Parties not used to that kind of scrutiny tend to find it withering – when the Liberal Democrats suddenly found themselves in government in 2010, their reputation was destroyed. The primary reason for that was that the party had spent a decade presenting itself as a soft-left party slightly to the left of Labour, which then went into power with the Tories, but part of it was a series of personal scandals about various MPs.

Chris Huhne went to prison, while David Laws lost his job as chief secretary to the Treasury in less than two weeks (making even Liz Truss look like a long-termer). Menzies Campbell went from a widely popular figure among younger voters to a total figure of hate, through support of tuition fees and the effects of an undercover sting.

The combination of having to make decisions when in power, to having to commit to particular policies when being scrutinised, and of having your people’s individual histories pored over is an exceptionally painful one for any organisation not used to it – a skeptic might say the Lib Dem vote is recovering largely thanks to the fact no-one pays them any attention any more, so they can present as all things to all men.

But if any party has a difficult coalition of these three factors, it is the Greens. The UK environmental movement, especially the parts of it attracted to the Greens, has always been an uneasy coalition. There are the ‘red’ Greens, who believe an end to capitalism is essential for tackling climate change – and this factor is broken down into people for whom ending capitalism is a means to fixing climate change, and those for whom that causation is reversed.

Onto those you can add traditional conservationists and animal welfare supporters, who are more concerned about preservation of their rural views, biodiversity and clean water – goals which are sometimes quite directly contrary to steps needed to tackle climate. There is then a third amorphous group who want more action on climate than other parties offer, but hasn’t really engaged beyond that. 

A lack of scrutiny makes it easier to paper over the cracks in that existing coalition. But compared to the more recent arrivals, that is child’s play. The Green Party has become the home of those either forced out of Labour or who deserted Labour in the years after Jeremy Corbyn – some of whom were expelled over antisemitism, and a much larger group of which still believe antisemitism was “weaponised” against him, or was a “scam”.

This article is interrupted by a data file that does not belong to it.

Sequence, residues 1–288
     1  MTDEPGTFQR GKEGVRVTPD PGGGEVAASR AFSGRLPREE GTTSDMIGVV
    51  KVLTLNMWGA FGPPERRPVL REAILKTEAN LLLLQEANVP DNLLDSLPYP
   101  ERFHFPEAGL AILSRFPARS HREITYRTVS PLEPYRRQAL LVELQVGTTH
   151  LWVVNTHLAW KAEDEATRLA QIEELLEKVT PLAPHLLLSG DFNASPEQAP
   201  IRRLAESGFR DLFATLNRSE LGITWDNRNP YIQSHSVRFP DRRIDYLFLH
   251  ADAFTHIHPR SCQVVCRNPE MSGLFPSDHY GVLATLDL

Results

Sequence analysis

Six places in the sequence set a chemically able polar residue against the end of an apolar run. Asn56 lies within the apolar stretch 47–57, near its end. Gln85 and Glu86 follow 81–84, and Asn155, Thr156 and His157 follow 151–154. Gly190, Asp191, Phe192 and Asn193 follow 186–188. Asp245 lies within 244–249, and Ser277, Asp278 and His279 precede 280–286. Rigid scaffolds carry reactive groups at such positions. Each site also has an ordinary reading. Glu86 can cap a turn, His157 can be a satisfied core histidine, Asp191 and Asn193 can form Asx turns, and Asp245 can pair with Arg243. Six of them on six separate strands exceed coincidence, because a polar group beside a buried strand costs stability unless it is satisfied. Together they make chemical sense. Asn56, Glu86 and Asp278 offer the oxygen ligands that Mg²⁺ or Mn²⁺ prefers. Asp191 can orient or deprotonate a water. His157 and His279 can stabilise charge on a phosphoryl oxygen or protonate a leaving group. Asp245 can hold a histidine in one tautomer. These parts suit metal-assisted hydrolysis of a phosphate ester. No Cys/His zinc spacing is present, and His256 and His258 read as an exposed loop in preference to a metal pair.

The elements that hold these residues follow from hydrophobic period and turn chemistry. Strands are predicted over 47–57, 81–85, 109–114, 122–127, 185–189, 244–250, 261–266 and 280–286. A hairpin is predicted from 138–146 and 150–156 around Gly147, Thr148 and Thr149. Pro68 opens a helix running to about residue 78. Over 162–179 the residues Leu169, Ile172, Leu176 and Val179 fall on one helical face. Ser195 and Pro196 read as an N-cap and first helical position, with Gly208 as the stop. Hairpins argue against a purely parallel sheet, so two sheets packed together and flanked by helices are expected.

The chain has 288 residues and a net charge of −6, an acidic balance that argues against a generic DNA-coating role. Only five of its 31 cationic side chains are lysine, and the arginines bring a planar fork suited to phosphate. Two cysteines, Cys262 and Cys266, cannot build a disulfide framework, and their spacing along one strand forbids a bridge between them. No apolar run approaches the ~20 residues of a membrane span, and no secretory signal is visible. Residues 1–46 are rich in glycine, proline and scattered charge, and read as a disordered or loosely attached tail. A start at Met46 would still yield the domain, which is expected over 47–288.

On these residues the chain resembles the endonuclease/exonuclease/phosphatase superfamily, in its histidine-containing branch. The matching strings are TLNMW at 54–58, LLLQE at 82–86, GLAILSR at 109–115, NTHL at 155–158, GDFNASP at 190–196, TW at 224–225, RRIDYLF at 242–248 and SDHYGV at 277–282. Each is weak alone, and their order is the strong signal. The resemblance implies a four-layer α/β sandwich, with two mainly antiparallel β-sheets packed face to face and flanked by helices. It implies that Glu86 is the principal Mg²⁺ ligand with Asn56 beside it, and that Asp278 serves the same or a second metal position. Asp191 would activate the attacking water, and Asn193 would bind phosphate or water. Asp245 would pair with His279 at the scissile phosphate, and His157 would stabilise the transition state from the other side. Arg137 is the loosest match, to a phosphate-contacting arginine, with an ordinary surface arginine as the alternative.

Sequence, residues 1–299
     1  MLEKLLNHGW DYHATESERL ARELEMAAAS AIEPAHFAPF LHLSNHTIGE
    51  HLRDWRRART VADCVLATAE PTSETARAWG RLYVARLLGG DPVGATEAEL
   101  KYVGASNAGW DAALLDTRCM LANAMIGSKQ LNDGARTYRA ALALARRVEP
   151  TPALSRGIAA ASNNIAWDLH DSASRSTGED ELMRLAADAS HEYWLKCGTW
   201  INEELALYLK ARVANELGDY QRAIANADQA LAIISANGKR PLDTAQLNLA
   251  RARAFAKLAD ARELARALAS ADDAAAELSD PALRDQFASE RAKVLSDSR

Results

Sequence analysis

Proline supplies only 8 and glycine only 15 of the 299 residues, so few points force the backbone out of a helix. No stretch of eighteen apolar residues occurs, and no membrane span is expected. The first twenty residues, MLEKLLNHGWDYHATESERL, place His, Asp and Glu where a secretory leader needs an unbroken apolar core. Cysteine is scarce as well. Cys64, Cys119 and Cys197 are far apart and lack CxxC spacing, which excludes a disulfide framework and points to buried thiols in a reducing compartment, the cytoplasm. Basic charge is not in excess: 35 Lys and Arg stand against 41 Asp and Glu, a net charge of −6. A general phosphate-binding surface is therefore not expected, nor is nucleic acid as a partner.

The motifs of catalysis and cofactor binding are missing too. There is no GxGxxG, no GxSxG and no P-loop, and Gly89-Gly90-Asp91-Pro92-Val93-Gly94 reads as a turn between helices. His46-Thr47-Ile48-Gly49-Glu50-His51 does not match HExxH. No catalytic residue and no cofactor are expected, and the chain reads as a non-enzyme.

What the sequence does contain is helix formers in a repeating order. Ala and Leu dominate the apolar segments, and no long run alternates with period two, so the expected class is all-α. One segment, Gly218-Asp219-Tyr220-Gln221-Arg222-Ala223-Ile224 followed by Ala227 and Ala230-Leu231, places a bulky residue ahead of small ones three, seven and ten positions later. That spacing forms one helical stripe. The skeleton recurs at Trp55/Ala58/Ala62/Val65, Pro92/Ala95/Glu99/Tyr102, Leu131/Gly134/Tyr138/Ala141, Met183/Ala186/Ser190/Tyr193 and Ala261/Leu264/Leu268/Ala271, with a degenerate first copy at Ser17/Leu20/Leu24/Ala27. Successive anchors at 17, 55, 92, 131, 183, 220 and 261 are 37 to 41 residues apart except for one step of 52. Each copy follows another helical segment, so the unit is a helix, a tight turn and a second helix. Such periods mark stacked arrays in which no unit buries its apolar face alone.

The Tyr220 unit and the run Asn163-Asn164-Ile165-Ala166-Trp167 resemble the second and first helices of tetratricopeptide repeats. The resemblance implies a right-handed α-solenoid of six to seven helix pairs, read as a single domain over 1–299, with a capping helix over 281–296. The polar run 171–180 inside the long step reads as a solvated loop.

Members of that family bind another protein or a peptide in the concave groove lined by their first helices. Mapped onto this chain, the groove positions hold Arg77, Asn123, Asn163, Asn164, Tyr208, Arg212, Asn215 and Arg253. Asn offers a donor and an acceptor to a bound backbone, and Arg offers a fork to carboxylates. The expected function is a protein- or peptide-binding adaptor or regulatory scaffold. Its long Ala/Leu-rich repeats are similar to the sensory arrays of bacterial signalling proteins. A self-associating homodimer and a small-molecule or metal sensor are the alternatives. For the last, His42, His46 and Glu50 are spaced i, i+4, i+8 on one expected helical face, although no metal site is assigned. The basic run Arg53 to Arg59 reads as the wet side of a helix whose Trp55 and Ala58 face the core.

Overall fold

More recently, these groups have been joined by voters abandoning Labour over Gaza – many of whom are simply looking for a new political home in the wake of what they see as at best an inadequate and at worse an outright immoral response to the crisis by Labour, but some of whom harbour appalling views. Until the council victories, that had gone entirely unscrutinised, too.

All of that is before looking at any of the contradictions in the party’s platforms versus its local positions or values – or its opposition to much new house building or HS2. It’s before looking at the party’s patchy record when actually in local government (it has been generally well-liked in Kirklees, but much more contentious in Brighton, for example). It’s before looking at various safeguarding scandals in the party.

Activists who cheer on watchdog reporting – or even outright aggressive reporting – against other parties quickly lose their love for it when it’s pointed at their cause. Suddenly the media should be “fairer” – they didn’t know the rule, they were trying to do the right thing, they’re a good person and everyone makes mistakes.

Everyone makes the excuses for their side that they refuse to accept for the others. That’s human nature, as is our failure to see that we’re doing it. But politics is a dirty business, and coming closer to power comes with all of this.

The Greens have maybe the most difficult political coalition of any party in UK politics. They might find that their success is helped by a lack of coverage, rather than harmed by it. If there is a first rule of politics, perhaps it’s this: be careful what you wish for.